This exceptionally large charger is decorated with a particularly charming theme. Although the two large birds each appear to have a peacock's tail, they are in fact phoenixes, which are also often depicted with the characteristic 'eye' feathers in their tails. The tree beneath which the standing bird appears is a wutong or paulownia tree, which is sometimes called the phoenix tree in Chinese, because mythology says that this is the only tree on which the phoenix will alight. The composition, with the lesser birds flocking towards the phoenix, is known in China as 'bainiao chao huang', a hundred birds pay hommage to the emperor. The phoenix is regarded as the emperor of birds, and tradition has it that when the phoenix flies all the other birds flock to it. It is also regarded as the most honorable of birds and appears only when peace and prosperity prevail in the country. The phoenix is a symbol of virtue, beauty and the empress. The two phoenixes seen on this charger also symbolise marital happiness. Phoenixes are often depicted with peonies, as on this charger, since the peony is also a symbol of beauty as well as wealth and rank. The same theme appears on an early 18th century rouleau vase sold by Sotheby's Hong Kong in May 1977.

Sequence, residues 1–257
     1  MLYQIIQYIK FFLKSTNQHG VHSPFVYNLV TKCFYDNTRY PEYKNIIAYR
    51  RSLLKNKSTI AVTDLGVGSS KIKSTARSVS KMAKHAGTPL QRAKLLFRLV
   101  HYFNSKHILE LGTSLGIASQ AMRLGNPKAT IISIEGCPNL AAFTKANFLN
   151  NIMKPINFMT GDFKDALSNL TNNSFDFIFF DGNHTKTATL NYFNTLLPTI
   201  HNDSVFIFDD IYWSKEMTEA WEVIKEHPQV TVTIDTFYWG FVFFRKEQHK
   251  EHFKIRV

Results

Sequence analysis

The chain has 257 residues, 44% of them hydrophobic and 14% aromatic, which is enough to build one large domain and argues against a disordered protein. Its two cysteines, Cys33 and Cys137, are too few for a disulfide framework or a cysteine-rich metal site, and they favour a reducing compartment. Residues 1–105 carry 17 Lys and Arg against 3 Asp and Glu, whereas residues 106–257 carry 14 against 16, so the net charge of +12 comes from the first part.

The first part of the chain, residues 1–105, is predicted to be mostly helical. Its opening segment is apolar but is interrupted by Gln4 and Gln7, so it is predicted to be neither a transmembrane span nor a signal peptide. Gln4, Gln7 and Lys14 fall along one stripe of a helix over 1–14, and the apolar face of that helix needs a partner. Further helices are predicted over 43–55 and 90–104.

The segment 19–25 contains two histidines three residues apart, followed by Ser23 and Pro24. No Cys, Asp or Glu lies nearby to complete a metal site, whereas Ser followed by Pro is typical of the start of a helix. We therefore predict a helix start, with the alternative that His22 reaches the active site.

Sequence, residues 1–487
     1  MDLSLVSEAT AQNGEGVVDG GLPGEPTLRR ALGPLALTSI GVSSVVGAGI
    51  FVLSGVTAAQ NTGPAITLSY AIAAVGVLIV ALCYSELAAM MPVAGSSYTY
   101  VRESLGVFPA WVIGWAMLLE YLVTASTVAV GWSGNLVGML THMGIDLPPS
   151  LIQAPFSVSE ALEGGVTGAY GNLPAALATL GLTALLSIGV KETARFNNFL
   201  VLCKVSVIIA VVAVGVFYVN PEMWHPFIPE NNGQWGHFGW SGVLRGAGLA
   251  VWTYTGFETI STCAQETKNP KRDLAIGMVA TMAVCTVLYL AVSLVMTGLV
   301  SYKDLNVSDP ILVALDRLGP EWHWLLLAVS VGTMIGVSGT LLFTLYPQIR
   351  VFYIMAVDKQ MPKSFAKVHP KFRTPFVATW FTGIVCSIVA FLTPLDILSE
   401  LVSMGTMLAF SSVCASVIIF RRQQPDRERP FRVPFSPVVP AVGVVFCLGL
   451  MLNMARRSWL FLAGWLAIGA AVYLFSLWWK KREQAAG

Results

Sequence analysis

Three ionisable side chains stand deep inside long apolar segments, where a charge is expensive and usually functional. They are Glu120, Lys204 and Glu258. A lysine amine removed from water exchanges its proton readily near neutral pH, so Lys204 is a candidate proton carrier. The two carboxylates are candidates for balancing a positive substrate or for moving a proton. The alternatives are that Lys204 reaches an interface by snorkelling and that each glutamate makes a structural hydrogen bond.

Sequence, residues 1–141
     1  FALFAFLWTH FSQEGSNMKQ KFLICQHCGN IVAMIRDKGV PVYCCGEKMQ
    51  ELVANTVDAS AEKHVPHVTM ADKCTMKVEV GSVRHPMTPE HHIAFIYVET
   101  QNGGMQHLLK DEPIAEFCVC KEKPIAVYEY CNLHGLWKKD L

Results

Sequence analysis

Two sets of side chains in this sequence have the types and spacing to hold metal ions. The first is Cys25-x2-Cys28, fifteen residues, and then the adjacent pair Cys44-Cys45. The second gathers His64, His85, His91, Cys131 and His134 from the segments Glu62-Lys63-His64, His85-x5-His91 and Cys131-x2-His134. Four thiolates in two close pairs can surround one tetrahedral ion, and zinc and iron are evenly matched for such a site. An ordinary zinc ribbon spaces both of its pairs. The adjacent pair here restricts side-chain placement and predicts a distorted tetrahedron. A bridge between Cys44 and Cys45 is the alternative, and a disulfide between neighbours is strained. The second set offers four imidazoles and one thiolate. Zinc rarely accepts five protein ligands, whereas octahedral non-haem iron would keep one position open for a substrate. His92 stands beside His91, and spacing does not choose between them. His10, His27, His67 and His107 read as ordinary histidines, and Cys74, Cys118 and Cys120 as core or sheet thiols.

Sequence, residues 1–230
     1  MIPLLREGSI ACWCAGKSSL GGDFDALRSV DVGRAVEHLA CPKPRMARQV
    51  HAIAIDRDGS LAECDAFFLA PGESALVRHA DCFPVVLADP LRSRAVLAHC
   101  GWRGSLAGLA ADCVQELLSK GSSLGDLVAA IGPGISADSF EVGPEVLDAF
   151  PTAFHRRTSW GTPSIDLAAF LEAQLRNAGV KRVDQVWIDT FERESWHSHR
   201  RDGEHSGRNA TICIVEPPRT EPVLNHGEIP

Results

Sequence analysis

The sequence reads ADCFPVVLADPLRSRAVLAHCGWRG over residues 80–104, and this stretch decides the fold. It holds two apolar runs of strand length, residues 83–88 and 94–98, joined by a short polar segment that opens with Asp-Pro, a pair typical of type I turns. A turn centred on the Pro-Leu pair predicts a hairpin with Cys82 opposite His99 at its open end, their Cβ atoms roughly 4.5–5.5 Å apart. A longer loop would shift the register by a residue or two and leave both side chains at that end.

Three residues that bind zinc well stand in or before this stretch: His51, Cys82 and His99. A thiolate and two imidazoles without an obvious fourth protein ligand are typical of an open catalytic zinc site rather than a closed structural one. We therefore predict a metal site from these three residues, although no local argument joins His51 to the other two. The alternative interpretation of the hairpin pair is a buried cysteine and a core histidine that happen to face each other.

Another interesting feature of the charger is the very painterly depiction of the trunk and branches of the paulownia tree. These have been painted with great skill, making excellent use of the ink-like black enamel. This approach to the painting of branches can be seen on a superb imperial falangcai Qianlong (1736-95) teapot in the collection of the Percival David Foundation (illustrated by R. Scott in For the Imperial Court - Qing Porcelain from the Percival David Foundation, American Federation of Arts, New York and Sun Tree Publishing, Singapore/London, 1997, pp. 128-9, no. 50), and on a magnificent imperial Yongzheng (1723-35) falangcai dish sold in our Hong Kong Rooms on 28 October 2002.